As the book leads us further into the deepening crisis and tragedy that the War brought to people in Britain, Tommy makes a habit of recording the numbers of lives lost and of those wounded, as well as battles won and lost, which had been recorded by the media on a daily basis.

The last entry for 1918 includes figures of losses, wounded and those taken prisoner from the different forces and nations involved, by the end of the war, including:

"British military casualties in the Great War:
(not complete yet)


Killed 660,000
Wounded 2 million
Prisoners, missing etc 350,000
Of whom 80,000 are considered killed"

Further information is provided throughout the book on a number of different areas, such as food and drink, communication, health and illness, religion and beliefs, and how the Government encouraged motivation and high spirits during the War effort. This helps to build a bigger picture of what daily life and times of the era were like.

The thing I love most about the book is how the publishers have kept the spirit of Tommy and his world alive by using his sketches on almost ever page.

His humble sketches really bring his world to life, and occasionally an extract from his diary will be published in his own handwriting, which I think is a really lovely touch. There are also the odd pages were they have chosen to publish the original page from his diary, again keeping Tommy's spirit present in the book.

Tommy's War is my absolute favourite find, and is a book that I will treasure always.

It is so unique and also quite poignant that almost 100 years ago an ordinary working class man was trying to raise his family during one of Britain's darkest events, while merely recording his life in the pages of his diaries.

Tommy may never have given it a second thought of who may read his dairies, and little did he release how his words are available now to the wider public on many different platforms, and now help new generations truly understand and appreciate the way of life for Britions during the Great War.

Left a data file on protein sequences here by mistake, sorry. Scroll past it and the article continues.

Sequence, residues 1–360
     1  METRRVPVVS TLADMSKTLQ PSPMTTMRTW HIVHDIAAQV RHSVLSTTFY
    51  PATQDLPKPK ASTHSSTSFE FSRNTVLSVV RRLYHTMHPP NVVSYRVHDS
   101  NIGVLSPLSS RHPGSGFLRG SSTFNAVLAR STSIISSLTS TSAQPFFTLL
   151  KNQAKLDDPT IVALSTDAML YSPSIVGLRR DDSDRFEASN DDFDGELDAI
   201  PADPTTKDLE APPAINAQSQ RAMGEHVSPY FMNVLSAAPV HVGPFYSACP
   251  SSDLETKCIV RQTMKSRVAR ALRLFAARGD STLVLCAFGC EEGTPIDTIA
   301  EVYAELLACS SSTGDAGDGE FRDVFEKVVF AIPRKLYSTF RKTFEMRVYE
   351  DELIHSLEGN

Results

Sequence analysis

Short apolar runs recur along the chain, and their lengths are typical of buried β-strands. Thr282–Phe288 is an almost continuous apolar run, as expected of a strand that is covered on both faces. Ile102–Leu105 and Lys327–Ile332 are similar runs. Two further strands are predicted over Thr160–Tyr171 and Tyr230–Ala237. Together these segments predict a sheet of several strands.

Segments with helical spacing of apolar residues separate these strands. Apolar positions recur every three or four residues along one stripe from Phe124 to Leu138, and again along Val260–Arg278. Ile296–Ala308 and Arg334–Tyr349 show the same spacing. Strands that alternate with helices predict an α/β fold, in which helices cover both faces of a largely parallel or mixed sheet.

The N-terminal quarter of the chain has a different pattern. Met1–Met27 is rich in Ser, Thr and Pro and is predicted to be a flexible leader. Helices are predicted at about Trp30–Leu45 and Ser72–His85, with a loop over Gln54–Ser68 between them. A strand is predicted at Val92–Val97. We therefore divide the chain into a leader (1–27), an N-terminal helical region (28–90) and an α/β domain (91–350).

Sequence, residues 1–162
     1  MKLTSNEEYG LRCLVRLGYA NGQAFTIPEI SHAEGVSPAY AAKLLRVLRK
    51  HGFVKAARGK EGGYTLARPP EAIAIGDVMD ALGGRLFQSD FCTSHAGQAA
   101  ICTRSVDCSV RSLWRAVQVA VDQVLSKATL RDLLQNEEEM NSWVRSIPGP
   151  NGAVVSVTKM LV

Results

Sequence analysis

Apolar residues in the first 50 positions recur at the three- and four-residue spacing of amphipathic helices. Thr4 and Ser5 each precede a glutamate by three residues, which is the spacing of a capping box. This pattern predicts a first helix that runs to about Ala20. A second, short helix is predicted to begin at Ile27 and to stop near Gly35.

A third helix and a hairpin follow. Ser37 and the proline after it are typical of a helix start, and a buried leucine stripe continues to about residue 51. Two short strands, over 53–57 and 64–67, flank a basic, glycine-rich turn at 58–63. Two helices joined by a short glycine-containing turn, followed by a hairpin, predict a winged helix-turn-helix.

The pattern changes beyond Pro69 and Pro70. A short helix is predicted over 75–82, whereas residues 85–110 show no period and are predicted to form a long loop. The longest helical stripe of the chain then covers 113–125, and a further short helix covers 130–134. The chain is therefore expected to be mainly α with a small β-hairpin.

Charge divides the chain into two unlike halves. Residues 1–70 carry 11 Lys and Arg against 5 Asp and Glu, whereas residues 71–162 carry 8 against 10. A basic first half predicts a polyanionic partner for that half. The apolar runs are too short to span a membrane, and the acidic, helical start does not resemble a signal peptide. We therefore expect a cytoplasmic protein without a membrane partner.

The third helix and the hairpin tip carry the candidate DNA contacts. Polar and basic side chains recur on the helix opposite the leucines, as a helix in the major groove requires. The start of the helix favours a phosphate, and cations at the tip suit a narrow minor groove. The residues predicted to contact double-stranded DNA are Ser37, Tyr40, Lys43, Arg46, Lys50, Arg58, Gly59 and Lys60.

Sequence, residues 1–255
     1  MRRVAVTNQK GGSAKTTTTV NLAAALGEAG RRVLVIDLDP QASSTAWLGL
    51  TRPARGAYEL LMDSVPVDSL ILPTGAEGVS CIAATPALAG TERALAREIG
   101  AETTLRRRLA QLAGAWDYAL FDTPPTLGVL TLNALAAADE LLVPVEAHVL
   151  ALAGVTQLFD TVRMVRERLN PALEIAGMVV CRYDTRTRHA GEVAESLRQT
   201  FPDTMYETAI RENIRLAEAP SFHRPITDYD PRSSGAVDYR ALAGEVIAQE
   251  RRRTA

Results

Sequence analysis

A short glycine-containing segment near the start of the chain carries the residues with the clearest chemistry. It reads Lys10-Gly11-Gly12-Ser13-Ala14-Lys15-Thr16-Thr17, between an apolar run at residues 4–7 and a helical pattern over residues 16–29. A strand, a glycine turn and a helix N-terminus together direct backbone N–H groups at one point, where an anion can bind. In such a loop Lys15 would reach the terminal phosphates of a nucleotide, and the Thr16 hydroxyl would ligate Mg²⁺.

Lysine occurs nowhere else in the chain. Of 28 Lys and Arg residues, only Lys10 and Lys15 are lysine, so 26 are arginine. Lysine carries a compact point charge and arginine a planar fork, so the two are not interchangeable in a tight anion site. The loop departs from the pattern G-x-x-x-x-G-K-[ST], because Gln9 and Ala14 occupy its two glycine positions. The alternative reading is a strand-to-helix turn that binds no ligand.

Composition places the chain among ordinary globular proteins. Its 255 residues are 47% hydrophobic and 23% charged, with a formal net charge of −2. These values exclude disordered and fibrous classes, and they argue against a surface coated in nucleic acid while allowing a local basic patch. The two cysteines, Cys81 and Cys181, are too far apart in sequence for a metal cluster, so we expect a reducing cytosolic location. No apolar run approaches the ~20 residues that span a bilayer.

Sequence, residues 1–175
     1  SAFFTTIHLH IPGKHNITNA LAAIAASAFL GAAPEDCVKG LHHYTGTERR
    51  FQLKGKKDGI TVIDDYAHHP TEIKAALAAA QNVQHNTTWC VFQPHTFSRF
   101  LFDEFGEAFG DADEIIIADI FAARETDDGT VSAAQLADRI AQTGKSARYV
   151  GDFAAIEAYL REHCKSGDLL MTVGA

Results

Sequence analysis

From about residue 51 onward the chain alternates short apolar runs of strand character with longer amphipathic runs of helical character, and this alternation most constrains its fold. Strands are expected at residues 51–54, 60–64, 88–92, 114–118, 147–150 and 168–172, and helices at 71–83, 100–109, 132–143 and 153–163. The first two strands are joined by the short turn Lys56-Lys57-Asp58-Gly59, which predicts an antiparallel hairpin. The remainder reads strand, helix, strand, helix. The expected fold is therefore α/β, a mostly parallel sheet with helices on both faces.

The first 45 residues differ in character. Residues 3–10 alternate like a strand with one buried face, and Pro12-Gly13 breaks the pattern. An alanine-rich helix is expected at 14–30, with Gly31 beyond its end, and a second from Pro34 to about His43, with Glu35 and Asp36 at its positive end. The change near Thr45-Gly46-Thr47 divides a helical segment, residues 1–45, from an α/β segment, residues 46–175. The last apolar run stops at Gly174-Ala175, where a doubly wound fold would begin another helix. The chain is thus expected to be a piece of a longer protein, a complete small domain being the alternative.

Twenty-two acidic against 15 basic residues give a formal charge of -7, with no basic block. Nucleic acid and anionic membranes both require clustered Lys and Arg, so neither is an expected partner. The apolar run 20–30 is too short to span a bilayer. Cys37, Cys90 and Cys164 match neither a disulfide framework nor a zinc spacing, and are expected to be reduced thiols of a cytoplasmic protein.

To end my post, I would like to quote Tommy's last entry.

"Monday 27th Feb 1950.

Agnes, my darling wife and sweetheart, died early this morning.

'At the going down of the sun and in the morning, I will remember her'."

Do you have an all time favourite book? Leave me a comment below.


  1. I wouldn't say I have an all time favourite book but reading your post makes me want to get back in to reading. I had a period when I used to love reading and I do still enjoy picking out books that I believe I will read but I never get around to it. I should set myself a goal to read more but I do find it difficult when I have so many blog posts to keep my reading going. This book looks interesting and provides an insight in to Tommy's life throughout the War and it makes it even more unique as Tommy would have never have known this would have been published and it keeps in his sketches and it is really one of a kind.

    Kirsty x

  2. I just finished Salt to the Sea by Ruta Sepetys this weekend and it was so amazing. It's a fiction book based during WWII and the sinking of the Willhem Gustloff and I seriously recommend it!
    It's really sparked an interest in history for me, so your favourite book interest me, too.

    Tea and Cakes

  3. This sounds wonderful! I love reading life stories. Have you read Alan Johnson's memoir, This Boy? I really enjoyed it and think you would too.

  4. Thanks for all your comments!

    I haven't read Salt to the Sea or This Boy, but thank you for the suggestions. They sound like my cup of tea, so I will be adding them to my TBR list!

    Jemma x

  5. I don't have any all-time favourite books but recently I've loved the first 15 lives of Harry August! x

    Heather | Of Beauty & Nothingness